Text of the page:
Henry Middleton (governor)

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Henry Middleton
United States Minister to Russia
In office
June 17, 1821 – August 3, 1830
PresidentJames Monroe
Preceded byGeorge Washington Campbell
Succeeded byJohn Randolph
(did not present credentials)
Member of the U.S. House of Representatives
from South Carolina's 1st district
In office
March 4, 1815 – March 3, 1819
Preceded byLangdon Cheves
Succeeded byCharles Pinckney
43rd Governor of South Carolina
In office
December 8, 1810 – December 10, 1812
LieutenantEldred Simkins
Preceded byJohn Drayton
Succeeded byJoseph Alston
Member of the South Carolina State Senate from St. Phillip's and St. Michael's Parish
In office
November 26, 1810 – December 8, 1810
Alongside James Kennedy
Preceded byJohn Blake
Succeeded byJohn Johnson
Member of the South Carolina House of Representatives from St. Phillip's and St. Michael's Parish
In office
November 22, 1802 – November 26, 1810
Personal details
Born(1770-09-28)September 28, 1770
London, England, Great Britain
DiedJune 14, 1846(1846-06-14) (aged 75)
Charleston, South Carolina
Political partyDemocratic-Republican (until 1830)
Other political
Union Party of South Carolina (1830–onward)
Professionplanter, politician

Henry Middleton (September 28, 1770 – June 14, 1846) was an American planter and political leader from Charleston, South Carolina. He was the 43rd Governor of South Carolina (1810–1812), represented South Carolina in the U. S. Congress (1815–1819). He served as Minister to Russia (1820–1830), being sent there in the first instance to replace George Washington Campbell so as to look after slave-owners' interests in the discussions preparatory to arbitration by Czar Alexander I on the question of compensation under Article 1 of the Treaty of Ghent as regards enslaved Americans who went away with British during and after the War of 1812.[1]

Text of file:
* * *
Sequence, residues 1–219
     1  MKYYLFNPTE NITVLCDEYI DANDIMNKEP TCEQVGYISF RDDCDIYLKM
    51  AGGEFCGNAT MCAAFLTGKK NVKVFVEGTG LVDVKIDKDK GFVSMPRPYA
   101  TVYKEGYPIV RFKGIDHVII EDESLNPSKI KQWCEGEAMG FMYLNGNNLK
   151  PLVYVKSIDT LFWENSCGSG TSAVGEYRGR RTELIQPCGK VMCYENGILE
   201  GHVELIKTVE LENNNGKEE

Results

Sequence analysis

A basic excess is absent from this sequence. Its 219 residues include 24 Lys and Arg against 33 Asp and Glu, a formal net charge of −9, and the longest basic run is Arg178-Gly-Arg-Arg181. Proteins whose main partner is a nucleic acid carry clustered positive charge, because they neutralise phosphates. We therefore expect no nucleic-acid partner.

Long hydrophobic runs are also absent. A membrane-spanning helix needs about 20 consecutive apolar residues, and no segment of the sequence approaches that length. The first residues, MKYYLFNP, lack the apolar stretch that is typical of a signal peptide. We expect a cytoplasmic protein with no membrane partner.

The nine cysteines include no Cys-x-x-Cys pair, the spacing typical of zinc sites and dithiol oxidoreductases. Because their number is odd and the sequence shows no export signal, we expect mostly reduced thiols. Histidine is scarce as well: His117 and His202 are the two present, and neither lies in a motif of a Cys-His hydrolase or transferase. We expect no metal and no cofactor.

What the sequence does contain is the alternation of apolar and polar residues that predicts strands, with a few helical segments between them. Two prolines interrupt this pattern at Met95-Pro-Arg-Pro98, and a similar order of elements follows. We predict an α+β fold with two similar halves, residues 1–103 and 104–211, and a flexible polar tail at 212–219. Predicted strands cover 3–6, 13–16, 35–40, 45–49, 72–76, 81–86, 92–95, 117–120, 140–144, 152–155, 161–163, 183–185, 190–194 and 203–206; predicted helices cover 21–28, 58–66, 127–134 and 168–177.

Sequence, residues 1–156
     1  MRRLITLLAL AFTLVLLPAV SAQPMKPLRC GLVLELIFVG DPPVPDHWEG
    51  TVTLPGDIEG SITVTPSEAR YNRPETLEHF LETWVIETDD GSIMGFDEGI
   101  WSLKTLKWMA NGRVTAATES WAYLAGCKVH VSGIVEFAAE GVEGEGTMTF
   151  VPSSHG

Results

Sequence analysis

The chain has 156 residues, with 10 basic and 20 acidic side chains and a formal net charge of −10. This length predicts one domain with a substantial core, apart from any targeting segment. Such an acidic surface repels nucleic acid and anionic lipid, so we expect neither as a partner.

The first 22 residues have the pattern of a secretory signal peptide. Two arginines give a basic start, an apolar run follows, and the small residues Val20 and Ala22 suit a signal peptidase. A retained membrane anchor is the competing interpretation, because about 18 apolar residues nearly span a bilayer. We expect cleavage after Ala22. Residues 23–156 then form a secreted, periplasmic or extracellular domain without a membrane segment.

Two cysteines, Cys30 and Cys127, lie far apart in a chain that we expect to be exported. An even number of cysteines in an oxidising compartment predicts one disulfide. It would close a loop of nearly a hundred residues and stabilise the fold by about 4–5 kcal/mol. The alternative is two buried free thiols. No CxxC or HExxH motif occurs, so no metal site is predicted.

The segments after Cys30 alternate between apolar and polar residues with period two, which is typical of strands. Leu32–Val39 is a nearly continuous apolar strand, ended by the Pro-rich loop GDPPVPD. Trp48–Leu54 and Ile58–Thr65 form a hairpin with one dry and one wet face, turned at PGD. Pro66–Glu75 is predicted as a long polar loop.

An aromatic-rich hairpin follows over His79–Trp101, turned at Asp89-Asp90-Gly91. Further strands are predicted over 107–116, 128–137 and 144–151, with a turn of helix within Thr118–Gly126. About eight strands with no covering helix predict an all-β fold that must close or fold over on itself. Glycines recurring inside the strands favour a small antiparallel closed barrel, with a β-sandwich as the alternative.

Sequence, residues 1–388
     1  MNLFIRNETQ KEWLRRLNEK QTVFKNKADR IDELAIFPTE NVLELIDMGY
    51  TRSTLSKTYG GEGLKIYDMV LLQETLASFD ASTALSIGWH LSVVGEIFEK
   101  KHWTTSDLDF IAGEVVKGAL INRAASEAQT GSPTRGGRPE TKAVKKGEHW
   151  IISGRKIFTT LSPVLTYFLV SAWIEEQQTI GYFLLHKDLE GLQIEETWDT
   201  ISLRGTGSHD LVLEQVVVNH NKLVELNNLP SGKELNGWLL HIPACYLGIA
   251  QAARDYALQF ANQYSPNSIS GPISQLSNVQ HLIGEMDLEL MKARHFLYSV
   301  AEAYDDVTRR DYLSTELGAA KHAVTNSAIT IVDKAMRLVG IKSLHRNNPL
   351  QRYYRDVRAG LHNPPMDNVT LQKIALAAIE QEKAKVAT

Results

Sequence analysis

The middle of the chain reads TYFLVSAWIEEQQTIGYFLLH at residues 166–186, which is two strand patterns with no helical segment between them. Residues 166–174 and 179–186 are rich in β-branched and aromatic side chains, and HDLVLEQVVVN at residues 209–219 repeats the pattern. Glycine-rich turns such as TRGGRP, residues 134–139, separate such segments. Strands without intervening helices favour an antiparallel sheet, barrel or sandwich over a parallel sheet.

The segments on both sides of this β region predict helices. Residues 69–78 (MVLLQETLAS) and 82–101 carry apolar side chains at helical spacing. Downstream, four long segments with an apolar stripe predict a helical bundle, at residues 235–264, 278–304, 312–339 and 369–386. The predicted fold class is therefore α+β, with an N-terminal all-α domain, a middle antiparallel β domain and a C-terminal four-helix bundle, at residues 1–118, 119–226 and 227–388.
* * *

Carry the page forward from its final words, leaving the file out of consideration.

His father (Arthur Middleton) and his grandfather (Henry Middleton) had both served in the Continental Congress. Son - Williams Middleton. He had 14 children with wife Mary Helen Hering. 10 of their children lived into adulthood, including his youngest son Edward Middleton.

His summer home at Greenville from 1813-1820, known as Whitehall, was added to the National Register of Historic Places in 1969.[2] He and his family also spent some of their summer in Newport, RI staying at Stone Villa (demolished in 1957).


  1. ^ Harold E. Berquist, Jr (1981): Henry Middleton and the Arbitrament of the Anglo-American Slave Controversy by Tsar Alexander I, The South Carolina Historical Magazine Vol. 82, No. 1 (Jan., 1981), pp. 20-31
  2. ^ "National Register Information System". National Register of Historic Places. National Park Service. July 9, 2010.

External links[edit]

Political offices
Preceded by
John Drayton
Governor of South Carolina
Succeeded by
Joseph Alston
U.S. House of Representatives
Preceded by
Langdon Cheves
Member of the U.S. House of Representatives
from South Carolina's 1st congressional district

Succeeded by
Charles Pinckney
Diplomatic posts
Preceded by
George Washington Campbell
U.S. Minister to Russia
Succeeded by
John Randolph
(did not present credentials)